It is part of our response to His goodness. Remember. And tell the next generation. I have never seen that pile of rock. But I have seen God at work in my life and at work in the generations before me. And, I have a great gift that lasts longer than the greatest pile of rock – God’s Word. It has been given that I might know the Almighty Father and what He has done. Without it, my memory fails me, and I am fearful. Without it, I lose my courage in a scary world of giants. But, with it, I am armed with strength and courage that only God can – and has – provided. In a scary world – turn to His Word daily.

In our Bible reading today we also have a portion of the Psalms written by David. It reminds us everyone won’t have a wise response to courageously step out and follow God’s plan in a scary world. Every generation also has the fools who say in their hearts that there is no God. (Psalm 53:1) The noise of evil can be loud and distracting and scary, but like David and Joshua and Jesus and every generation and individual we have a choice who we listen to and how we respond. Be in His Word and follow His Way. He knows the way into the Promised Land and He knows how to do the impossible. There is no obstacle too great for our God. Arm yourself with His Word daily. Remember. And tell the next generation.

-Marcia Railton

Today’s Bible reading passages can be read or listened to at BibleGateway – Joshua 3-4 and Psalm 53-55

Only do Not Rebel

Numbers 13-14 and Psalm 44-45

Here we are to chapter 13, and we get to read one of the “fun” stories throughout the book.  Today, we get to read a handful of spies checking out a chunk of land, and it kind of reminds me of a present-day James Bond movie.  The story starts off with Moses sending out 12 spies to check out the land of Canaan.  If we remember from Genesis, the land of Canaan was the land that God promised to Abraham and his descendants.  Therefore, it’s the land that rightfully belongs to the Israelites.  Since they were saved from slavery in Egypt, the Israelites have been making their way back to the Promised Land.  Now they were so close. Before they were ready to enter the Promised Land though, they wanted to receive some intel on the land, and that’s where the 12 spies come into play.

The 12 spies spent 40 days away checking out the land of Canaan.  At the end of the 40 days, they reported to Moses and the Israelites.  All twelve of their reports were similar in the fact that they all agreed the land was good!  The land was flowing with milk and honey – better than some manna and quail.  However, 10 of the 12 spies said that they should not go take the land because it was well defended, as the cities were large and well-fortified.  The other 2 spies, Joshua and Caleb, said that they should go for it because they have the X-factor, God.  What great faith demonstrated by Joshua and Caleb!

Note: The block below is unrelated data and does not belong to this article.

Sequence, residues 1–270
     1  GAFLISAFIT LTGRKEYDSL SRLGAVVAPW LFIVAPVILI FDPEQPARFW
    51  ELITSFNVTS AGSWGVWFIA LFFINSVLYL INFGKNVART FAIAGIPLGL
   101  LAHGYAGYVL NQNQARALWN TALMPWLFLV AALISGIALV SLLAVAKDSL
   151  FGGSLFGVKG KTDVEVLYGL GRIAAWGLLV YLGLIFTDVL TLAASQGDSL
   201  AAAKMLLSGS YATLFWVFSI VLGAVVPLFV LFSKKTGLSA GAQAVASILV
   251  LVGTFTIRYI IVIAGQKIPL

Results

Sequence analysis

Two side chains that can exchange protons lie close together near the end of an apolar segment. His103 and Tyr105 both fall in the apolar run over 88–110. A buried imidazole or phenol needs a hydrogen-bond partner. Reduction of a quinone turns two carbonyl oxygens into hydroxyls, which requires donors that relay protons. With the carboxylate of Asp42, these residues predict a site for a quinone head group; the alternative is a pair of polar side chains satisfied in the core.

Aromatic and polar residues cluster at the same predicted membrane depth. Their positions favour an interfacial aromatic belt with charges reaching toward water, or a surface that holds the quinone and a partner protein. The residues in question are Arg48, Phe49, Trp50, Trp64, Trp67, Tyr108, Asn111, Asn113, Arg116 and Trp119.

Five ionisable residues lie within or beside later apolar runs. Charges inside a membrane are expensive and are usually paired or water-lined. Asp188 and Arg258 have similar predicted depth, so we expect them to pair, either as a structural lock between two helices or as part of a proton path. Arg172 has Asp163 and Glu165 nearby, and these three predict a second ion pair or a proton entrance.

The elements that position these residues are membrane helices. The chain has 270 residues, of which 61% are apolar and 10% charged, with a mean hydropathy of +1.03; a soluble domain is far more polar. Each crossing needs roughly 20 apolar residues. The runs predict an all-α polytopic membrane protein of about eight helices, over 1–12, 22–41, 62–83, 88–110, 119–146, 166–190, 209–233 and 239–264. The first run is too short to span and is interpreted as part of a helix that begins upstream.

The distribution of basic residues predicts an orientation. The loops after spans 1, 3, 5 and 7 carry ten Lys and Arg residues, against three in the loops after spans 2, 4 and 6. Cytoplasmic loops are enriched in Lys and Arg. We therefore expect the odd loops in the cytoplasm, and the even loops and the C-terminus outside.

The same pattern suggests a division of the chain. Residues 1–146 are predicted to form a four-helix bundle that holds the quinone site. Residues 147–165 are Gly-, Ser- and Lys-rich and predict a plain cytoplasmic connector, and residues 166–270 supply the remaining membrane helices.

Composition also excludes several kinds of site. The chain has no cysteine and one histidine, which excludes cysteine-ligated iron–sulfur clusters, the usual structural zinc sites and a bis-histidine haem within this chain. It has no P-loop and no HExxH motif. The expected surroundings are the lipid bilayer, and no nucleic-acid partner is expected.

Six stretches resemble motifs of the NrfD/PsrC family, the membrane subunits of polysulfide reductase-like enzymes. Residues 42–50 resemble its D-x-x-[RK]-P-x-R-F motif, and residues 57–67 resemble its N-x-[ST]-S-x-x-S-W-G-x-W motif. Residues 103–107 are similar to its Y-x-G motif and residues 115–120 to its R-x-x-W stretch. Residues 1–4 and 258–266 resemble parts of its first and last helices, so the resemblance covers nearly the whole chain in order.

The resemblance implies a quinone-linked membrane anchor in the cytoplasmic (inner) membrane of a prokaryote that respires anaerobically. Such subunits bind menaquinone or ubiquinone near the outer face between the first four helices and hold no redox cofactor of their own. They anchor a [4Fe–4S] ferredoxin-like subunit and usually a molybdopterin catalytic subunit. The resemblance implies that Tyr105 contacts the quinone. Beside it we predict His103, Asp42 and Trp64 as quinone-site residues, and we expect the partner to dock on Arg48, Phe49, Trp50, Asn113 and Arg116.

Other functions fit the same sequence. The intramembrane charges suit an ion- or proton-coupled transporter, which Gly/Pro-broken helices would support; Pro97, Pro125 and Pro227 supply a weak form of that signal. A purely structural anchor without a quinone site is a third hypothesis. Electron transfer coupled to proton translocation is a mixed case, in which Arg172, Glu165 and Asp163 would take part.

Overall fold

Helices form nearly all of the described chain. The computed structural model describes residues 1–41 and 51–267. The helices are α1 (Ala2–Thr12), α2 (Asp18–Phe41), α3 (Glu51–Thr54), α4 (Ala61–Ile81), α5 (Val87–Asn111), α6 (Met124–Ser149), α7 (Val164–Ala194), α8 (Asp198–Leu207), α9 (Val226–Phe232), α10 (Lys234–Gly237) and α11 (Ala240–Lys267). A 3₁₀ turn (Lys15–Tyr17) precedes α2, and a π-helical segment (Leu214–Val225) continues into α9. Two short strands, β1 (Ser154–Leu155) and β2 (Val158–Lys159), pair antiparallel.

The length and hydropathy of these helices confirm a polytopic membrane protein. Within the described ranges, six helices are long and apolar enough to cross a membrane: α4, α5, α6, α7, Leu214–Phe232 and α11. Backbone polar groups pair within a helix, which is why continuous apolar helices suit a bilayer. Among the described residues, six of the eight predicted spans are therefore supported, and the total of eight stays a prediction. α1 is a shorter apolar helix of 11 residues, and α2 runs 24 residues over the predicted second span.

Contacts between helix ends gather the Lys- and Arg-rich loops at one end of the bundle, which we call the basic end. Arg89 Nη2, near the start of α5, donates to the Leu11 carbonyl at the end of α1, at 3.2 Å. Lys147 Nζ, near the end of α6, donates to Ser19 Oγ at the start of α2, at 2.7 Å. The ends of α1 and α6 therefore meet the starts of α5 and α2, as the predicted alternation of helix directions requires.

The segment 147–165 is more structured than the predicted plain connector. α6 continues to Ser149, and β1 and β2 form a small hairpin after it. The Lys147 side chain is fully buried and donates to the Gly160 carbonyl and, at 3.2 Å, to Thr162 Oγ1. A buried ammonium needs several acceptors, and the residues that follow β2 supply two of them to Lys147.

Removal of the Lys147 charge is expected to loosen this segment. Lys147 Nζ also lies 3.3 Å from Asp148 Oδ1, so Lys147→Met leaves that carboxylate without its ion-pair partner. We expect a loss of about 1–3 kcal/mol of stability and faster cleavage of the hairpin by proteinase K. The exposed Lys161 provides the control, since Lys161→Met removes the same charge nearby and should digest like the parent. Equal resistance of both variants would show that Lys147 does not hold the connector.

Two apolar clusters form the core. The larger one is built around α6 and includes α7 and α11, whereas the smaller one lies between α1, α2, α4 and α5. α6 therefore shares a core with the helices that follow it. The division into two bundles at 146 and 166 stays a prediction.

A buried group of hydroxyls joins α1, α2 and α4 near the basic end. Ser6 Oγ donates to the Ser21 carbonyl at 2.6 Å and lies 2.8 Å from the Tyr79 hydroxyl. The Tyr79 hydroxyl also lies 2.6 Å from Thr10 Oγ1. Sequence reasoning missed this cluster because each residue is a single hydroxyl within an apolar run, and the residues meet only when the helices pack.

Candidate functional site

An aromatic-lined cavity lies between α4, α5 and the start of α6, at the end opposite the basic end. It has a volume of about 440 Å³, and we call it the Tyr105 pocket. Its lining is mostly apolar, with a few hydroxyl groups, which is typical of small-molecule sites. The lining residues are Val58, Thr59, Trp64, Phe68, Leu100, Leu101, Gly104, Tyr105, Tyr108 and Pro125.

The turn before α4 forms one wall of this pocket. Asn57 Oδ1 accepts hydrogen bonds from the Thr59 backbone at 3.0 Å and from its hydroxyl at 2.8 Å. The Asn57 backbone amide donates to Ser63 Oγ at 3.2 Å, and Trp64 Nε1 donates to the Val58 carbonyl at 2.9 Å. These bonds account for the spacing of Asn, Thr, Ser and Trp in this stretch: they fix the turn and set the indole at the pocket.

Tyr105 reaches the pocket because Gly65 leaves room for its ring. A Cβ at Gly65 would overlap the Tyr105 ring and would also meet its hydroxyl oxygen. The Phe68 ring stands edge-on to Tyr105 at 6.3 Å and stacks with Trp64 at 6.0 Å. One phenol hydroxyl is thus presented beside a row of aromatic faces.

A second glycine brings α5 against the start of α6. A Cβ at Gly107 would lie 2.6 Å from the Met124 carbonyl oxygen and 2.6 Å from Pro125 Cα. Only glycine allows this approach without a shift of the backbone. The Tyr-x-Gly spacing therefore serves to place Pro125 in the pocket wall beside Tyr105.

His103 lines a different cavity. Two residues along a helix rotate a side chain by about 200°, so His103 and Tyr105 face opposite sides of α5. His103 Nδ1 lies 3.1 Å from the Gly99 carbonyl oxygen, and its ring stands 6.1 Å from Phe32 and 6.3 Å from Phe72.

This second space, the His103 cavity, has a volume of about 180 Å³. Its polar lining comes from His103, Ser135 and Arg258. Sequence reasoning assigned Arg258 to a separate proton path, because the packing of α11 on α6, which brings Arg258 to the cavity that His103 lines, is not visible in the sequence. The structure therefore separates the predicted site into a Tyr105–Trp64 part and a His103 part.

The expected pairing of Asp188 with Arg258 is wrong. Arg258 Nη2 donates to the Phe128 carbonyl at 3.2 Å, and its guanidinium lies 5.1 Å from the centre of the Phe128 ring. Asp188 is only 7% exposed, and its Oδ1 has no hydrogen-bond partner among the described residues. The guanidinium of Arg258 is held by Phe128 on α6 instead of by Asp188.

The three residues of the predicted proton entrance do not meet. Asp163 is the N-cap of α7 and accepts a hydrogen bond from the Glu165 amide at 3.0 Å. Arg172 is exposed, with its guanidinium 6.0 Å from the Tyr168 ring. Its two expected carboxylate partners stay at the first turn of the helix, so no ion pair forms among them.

The Israelites ultimately listen to the 10 spies unfortunately.  This was very displeasing to God, as they didn’t have faith that He could deliver to them the land that he promised them.  Therefore, God said he was going to strike down the Israelites right then and there, but Moses interceded for them.  God compromised with Moses, and instead of striking them down, God decided that he wouldn’t allow anyone over 20 years old to enter the Promised Land other than Caleb and Joshua.  Spoiler alert, this is precisely why the census at the beginning of the 40 years was about the same as the end of the 40 years.  There would have been a lot of dying and a lot of reproducing at the same time.

At first the Israelites didn’t want to go in the Promised Land when God promised it to them.  However, when God said they couldn’t enter the land, they decided to take matters in their own hand and attempt to enter the land.  You guessed it, that attempt did not go very smoothly for those who tried.